FRONCZAK: This journey has been, I mean, I've been doing this for nine years now. And it's been full of incredible highs. I mean, like these moments of elation when you find something that is so huge that it just changes everything. And then something really bad happens and you're like, no, there's no way that could be my life. And then if I was watching this in a movie, I would think there's no way this is real. It just -- it was made up. It's a Hollywood thing. But it's real. And it's a journey that just keeps going. And it's the most incredible journey I've ever been on.
KEILAR: Yes, I think it's a journey and a story that is so much about finding yourself. It's about family, and it is look, this is very compelling. And I certainly want our viewers to check it out. It is the all new CNN film "The Lost Sons" that premieres Sunday night at 9:00 Eastern on CNN. Thank you so much, Paul, for being with us.
FRONCZAK: Thank you. Thanks again. [08:39:14]
KEILAR: We do have a tragic update to the mystery surrounding a missing Illinois State graduate student. Jelani Day's mother will join us live.
JOHN BERMAN, CNN ANCHOR: A tragic update to a mystery out of Illinois, Jelani Day, an Illinois State University grad student went missing a month ago. He was last seen on campus and at a store in Bloomington. His family has been pleading for weeks for any help to find Jelani. And last night his body identified as the one found in a river weeks ago. Jelani was just 25 years old. And joining me now is his mother, Carmen Bolden Day. Thank you so much for being with us. I am so sorry for your loss. How were you told of the news that this body was identified of that as your son?
CARMEN BOLDEN DAY, MOTHER OF JELANI DAY: I was called the day before. It was told that there were some clothes that were found on the riverbank where the body was found. Today is Friday, those clothes were found on Tuesday. No, those clothes were found on Wednesday by two board girls from ISU that decided they will go down to where they found the body. The Peru Police Department called me, sent me pictures of the clothing. At first I didn't recognize the clothing but after looking at the picture last seen when Jelani was at beyond hello. The clothes were definitely his. Then I guess after me being on television and asking for help and pleading for help, the coroner finally called me because I hadn't heard from him nor the Peru Police since September 4th.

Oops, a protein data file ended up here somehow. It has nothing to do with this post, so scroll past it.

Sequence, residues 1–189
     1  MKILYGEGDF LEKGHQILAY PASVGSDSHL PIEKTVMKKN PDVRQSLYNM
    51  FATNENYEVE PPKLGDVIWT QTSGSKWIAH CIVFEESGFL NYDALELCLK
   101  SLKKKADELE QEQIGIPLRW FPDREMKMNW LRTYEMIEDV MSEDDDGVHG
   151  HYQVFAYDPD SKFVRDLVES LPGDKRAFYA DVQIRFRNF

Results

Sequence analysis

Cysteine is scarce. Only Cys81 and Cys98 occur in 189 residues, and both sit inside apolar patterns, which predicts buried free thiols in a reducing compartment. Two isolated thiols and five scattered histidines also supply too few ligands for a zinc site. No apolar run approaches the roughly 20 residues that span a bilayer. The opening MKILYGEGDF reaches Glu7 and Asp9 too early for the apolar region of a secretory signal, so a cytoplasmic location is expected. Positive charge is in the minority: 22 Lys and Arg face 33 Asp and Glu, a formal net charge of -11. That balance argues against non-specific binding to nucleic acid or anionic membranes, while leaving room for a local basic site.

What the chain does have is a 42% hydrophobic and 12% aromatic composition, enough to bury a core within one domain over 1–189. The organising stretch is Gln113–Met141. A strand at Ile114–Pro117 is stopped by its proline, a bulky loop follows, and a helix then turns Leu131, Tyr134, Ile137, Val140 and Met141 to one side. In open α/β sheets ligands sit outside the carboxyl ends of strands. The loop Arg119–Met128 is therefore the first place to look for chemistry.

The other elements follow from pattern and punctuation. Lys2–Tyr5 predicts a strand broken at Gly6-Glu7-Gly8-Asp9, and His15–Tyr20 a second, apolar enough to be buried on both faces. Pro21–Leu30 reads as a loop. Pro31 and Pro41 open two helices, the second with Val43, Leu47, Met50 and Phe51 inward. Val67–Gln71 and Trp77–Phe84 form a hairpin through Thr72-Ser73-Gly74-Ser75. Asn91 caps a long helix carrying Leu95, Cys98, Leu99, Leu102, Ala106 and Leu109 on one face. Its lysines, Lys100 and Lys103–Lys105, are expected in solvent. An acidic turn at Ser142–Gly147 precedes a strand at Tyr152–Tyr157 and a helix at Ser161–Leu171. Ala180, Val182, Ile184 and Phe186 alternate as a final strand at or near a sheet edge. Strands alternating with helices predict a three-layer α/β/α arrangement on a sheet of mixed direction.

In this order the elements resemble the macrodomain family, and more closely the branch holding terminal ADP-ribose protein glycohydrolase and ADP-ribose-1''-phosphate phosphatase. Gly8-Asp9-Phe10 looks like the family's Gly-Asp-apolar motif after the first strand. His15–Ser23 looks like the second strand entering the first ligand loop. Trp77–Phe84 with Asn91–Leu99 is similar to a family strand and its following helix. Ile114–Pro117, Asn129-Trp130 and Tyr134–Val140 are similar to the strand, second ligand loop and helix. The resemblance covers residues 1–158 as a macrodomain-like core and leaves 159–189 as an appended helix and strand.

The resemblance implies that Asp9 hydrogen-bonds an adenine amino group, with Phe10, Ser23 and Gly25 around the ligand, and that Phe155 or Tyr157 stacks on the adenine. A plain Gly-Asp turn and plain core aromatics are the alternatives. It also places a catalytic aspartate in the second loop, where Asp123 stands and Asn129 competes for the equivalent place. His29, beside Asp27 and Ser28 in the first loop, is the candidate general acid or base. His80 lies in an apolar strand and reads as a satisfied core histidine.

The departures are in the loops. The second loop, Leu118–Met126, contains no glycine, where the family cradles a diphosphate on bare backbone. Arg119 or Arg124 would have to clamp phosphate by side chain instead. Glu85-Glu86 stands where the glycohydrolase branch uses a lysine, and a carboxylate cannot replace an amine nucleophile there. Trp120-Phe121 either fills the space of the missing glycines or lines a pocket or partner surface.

They call me he had finally gotten dental records that I had given him information to get back on September 6th my son and tell me he finally obtained dental records, September 21st. And he called me, he has such enthusiasm. He said, Carmen, I found -- we've got dental records for your son. And I said, well, you have me take a DNA to identify for this body so that we pay for the DNA because you tell me that the DNA was the important part because this body was so decomposed. He said to me, do you want to know if this is your son or not?
They were so rude to me. They asked me to come there on Friday, which me and my family did, then they read us the results. Now, suddenly, after 20 something odd days, they now have the DNA results, they now have the dental. See, I was told over a week ago they didn't have the solution to process the DNA.
DAY: I would have to wait longer.
BERMAN: Carmen just so people know, just so people know that the body was found September, this body was found September 4th, and it took them until now, took them until --
DAY: September 4th, my son, we discovered, they discovered his car on September 26.th No, I'm sorry, what --
BERMAN: August 26th, yes.
DAY: August 26th, I'm sorry. August 26th, I want his searches done, they be prior to me getting to the spot where his car was failed. They told me that night we've already done an extensive search and we've had this search crew come in, it just didn't seem right to me. So that Saturday --
BERMAN: Have they told you --
DAY: -- I had to organize my own search.
BERMAN: Have they told you and again, the body was found September 4th, and it took until now to identify. Have they given you any information about an investigation into the cause of death?
DAY: No. To them, Jelani didn't mean anything. There's no effort, there's no push. There's no nothing that was being done about my son. I cried and did all the legwork, me and my kids, me and everybody that never knew Jelani, my family friends, strangers did all the legwork. My son didn't get any type of help. And I'm pissed.
BERMAN: I can understand.